Four Interesting Facts about Cherry Blossoms!
Mar 06, 2019
Spring is finally here, and the cherry blossoms (called “sakura” in Japanese) have become an international symbol of spring in Japan in recent years. Everyone can admire their beauty, but there are also some interesting facts behind the flowers. Keep reading to find out more about the beautiful cherry blossoms!
There’s more Varieties than Somei Yoshino Cherry Blossoms!
Image of Yamazakura cherry blossoms
There are many cherry blossom varieties in Japan. Somei Yoshino is one that does not grow naturally in Japan, so they were grafted into the horticultural landscape and eventually became 80% of Japan’s cherry blossom population and what people think of when they imagine the flower. When there are predictions on when the cherry blossoms will bloom, this is generally based on the Somei Yoshino flowers.
Other species include the Kawazuzakura, an early blooming flower that opens in January or February, Shidarezakura that look as if they are overflowing from the branch of the tree, Yamazakura that have been growing in the wild since long ago and were originally what Japanese people imagined when they thought of cherry blossoms and Yaezakura, a gorgeous flower with many petals that grows in clusters.
Cherry Blossoms Aren’t Actually Pink?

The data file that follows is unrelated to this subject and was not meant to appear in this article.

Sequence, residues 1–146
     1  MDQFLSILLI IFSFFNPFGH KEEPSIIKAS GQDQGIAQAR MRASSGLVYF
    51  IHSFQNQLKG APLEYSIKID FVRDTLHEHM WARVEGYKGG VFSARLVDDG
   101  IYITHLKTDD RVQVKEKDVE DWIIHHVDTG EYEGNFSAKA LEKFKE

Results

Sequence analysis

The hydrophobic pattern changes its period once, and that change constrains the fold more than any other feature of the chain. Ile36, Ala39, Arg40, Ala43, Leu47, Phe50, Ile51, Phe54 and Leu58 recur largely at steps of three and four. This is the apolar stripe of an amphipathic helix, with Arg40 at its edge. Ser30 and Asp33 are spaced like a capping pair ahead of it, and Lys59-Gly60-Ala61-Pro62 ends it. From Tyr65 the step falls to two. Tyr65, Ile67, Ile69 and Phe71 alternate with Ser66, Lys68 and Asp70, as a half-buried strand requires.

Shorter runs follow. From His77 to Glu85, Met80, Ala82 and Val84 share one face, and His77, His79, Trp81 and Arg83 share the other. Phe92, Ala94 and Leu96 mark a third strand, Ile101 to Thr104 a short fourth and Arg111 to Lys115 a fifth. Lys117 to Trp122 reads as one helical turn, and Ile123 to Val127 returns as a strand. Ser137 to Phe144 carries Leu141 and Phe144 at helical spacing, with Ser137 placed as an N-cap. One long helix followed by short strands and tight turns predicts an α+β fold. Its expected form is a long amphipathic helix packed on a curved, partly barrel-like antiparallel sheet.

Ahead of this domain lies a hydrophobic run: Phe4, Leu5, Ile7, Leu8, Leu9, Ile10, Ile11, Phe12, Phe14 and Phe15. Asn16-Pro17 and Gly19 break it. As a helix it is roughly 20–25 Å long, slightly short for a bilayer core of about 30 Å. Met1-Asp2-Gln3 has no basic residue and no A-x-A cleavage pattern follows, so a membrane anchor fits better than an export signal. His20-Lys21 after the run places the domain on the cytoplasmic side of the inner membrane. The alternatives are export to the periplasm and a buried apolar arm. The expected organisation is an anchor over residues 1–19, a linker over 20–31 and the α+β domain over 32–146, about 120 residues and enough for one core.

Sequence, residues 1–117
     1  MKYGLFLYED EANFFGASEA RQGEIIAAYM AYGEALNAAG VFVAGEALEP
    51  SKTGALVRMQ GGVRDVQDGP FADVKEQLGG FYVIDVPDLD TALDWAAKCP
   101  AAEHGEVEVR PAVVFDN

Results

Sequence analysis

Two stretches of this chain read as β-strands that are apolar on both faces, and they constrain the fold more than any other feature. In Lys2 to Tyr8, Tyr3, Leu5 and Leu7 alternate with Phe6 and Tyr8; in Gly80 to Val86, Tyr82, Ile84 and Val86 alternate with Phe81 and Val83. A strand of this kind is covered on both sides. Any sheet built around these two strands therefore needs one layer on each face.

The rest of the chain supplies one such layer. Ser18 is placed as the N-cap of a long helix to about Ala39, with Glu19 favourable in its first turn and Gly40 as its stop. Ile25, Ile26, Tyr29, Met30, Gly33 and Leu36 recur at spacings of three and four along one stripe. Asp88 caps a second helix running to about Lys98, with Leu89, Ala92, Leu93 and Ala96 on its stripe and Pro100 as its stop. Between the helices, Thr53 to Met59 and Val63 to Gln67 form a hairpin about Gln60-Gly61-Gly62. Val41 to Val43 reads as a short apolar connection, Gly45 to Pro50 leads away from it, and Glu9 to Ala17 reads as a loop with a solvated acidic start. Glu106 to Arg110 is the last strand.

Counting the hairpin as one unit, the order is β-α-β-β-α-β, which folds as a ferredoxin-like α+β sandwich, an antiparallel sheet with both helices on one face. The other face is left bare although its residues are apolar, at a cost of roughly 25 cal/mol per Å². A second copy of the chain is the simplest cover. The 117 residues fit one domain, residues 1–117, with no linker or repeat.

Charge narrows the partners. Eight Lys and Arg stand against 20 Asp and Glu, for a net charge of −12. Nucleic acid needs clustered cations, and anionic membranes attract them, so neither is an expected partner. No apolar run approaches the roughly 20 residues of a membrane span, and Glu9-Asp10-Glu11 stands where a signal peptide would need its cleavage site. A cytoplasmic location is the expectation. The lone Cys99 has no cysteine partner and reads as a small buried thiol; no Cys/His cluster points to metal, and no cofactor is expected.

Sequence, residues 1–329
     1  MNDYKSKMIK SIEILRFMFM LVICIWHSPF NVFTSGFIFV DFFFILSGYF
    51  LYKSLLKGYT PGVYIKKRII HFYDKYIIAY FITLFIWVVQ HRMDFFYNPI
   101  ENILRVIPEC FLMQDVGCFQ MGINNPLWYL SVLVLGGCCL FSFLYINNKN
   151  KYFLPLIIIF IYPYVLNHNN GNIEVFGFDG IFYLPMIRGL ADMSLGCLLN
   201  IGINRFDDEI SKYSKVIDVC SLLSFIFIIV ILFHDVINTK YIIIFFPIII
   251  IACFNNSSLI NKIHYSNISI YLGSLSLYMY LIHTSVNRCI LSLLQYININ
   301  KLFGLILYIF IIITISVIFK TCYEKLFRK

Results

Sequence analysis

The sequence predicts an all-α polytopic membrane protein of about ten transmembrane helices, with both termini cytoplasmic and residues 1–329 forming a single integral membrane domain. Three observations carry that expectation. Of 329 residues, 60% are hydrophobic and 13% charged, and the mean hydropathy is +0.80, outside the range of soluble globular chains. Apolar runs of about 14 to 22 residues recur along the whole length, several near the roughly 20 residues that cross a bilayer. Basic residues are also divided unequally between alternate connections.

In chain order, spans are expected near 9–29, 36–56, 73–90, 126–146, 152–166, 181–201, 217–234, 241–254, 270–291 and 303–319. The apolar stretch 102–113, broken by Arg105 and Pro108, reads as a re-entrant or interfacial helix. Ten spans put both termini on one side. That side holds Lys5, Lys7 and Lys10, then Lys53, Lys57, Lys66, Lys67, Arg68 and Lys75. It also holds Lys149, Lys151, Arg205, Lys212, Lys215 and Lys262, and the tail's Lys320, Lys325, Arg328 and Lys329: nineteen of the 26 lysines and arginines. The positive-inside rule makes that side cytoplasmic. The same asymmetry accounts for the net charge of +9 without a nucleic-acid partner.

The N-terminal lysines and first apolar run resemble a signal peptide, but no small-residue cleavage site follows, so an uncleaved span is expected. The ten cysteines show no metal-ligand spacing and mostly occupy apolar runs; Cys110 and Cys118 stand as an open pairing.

Image of Somei Yoshino cherry blossoms
When in full bloom, cherry blossoms are generally said to be “sakura colored”, a light shade of pink. However, if you look closely, Somei Yoshino flowers are actually closer to white.
The cherry blossoms variety that is considered “sakura colored” is the Yamazakura. When in bloom, most Yamazakura flowers are the same white as the Somei Yoshino, however the leaves on the Yamazakura trees have a reddish hue, so when you look at the trees from afar the blossoms look pink. It’s this light pink that is said to be the inspiration for the phrase “sakura colored”.
There are Eleven Steps in the Cherry Blossom Life Cycle!
In general, when a cherry blossom is on step 8 of the 11 step life cycle, it is said to be in full bloom. The steps are as follows:
Bud→ Bud expansion→ flower opens→ 10% in bloom→ 30% in bloom→
50% in bloom→ 70% in bloom→ Full bloom→ Petals start to fall→ Petals fall vigorously→ Finished
The cherry blossoms are beautiful in full-bloom, however there are many people who appreciate the flowers when the petals are starting to fall.
Sweets over Flowers! Why are Flower-Viewing Dango Three Colors?
Why are the Flower-viewing Dango (pounded rice cake snacks) sold during the cherry blossom season three colors? There is a meaning behind the three colors – pink is for spring and the cherry blossoms, white is for winter and the snow, and green is for summer and the plants that grow. Makes sense, but then why isn’t fall included in the mix? This is a Japanese pun – the phrase “fall won’t come” and “I won’t get bored” have the same pronunciation, so since fall isn’t included, the makers hope that you won’t get bored of eating this treat!
What did you think about these cherry blossoms facts? There is a lot of information surround Japan’s most famous flowers! Enjoy the cherry blossom season wherever you are, including Shinjuku!
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